Just One, Please?

“Do you want to go over there? On the other side of the fence? There’s more birds over there, and I’m hungry.”

“No, those birds are not for eating, silly. They’re just enjoying their day, like we are. Let’s keep on our walk.”

https://theblogpropellant.files.wordpress.com/2015/11/cat-w-girl.jpg

“But please? They look so tasty and fresh.”

“No. You had a lovely meal before we left for our walk, and if you behave, we can have a treat when we get home.”

“A mouse treat? I love those.”

“Not a mouse treat. I have some yummy fish shaped treats for you.”

“But those don’t wriggle when I pounce on them. Maybe just one bird?”

“Not even one bird. Come on, it’s time to go.”

“Maybe I’ll catch a bird tomorrow.”

“Maybe you will.”

Picture Prompt #37


Dropping Eaves

Today’s Daily Prompt brought back a memory:

We often hear strange snippets of conversation as we walk through public spaces. When was the last time you overheard something so interesting, ridiculous, or disturbing you really wanted to know what it was all about?

As you can imagine, I hear all kinds of conversational snippets while I’m working at the mall. Many are critiques of nearby window displays, others are snooty judgmental comments, plenty are entertaining parental admonishments.

But the one that immediately came to mind upon reading this prompt, although it did happen at the very same mall, is not a recent occurrence.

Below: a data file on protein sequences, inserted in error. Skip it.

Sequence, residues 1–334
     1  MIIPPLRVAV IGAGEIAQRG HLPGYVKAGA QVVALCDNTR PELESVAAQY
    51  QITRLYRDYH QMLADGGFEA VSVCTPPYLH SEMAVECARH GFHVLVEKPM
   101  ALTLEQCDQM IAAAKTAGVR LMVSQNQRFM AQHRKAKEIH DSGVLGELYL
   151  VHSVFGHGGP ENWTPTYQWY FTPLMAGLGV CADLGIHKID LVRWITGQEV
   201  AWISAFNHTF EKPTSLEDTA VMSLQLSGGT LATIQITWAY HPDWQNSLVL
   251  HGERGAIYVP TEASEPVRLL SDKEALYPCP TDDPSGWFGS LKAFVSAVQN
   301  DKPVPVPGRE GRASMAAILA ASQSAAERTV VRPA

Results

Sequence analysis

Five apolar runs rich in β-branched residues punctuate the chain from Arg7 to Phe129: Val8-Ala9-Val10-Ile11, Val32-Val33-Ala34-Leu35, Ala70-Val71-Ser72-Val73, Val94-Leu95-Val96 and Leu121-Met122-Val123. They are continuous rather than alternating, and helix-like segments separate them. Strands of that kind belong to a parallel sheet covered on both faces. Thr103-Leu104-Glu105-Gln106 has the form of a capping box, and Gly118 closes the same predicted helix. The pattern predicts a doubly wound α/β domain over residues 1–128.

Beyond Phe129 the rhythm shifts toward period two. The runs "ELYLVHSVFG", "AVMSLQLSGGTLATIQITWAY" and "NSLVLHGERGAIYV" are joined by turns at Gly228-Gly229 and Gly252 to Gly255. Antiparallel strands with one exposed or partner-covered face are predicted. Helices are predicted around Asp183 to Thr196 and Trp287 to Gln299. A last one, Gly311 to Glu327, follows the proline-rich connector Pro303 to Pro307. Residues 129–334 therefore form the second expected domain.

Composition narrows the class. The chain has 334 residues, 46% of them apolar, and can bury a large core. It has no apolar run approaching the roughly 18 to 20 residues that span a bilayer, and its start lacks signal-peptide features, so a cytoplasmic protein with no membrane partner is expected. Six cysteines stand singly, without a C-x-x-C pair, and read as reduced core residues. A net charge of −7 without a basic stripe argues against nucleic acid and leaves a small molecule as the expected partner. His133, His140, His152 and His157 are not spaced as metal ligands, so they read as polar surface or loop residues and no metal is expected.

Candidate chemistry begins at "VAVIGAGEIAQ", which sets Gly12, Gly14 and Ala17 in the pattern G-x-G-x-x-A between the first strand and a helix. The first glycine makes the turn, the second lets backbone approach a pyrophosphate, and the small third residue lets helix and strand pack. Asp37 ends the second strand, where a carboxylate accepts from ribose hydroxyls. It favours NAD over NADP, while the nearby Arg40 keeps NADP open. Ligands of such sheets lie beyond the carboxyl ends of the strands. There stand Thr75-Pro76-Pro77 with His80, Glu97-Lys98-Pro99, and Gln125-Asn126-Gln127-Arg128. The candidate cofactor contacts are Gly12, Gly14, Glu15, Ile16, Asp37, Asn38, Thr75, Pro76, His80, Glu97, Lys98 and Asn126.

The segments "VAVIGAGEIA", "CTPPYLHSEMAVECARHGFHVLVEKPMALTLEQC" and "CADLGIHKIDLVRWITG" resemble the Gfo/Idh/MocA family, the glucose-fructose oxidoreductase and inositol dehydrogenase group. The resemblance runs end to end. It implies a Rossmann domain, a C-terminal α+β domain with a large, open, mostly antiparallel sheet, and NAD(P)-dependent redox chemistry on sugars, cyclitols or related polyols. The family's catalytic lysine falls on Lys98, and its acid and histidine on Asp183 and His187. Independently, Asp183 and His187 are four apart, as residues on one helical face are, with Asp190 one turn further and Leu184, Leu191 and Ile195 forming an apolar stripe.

My best friend and I were sitting outside the food court one day, about fifteen years ago. A long-haired, kinda creepy dude in a typical creepy-dude trench coat came striding out of the mall, cell phone in hand. He paused about fifteen feet from us to put the phone to his ear and gruffly ask a single question.

“What’s the situation?”

My friend and I looked at each other and started to snicker, trying to prevent a full-fledged case of the giggles from overcoming us.

He was so serious, and yet so–theatrical. It was too much.

“Is it critical?”

We watched him take his long, pacing strides, boot heels tapping the pavement in a steady rhythm.

“Mm-hmm. Mm-hmm. Okay.”

He looked around, casually eyed us, and tapped into the parking lot.

The only information we gleaned from this encounter was the existence of some sort of situation.

To this day, we can still crack each other up with the utterance of a single question: what’s the situation?

But truly, I still wonder. What was the situation? And was it actually critical?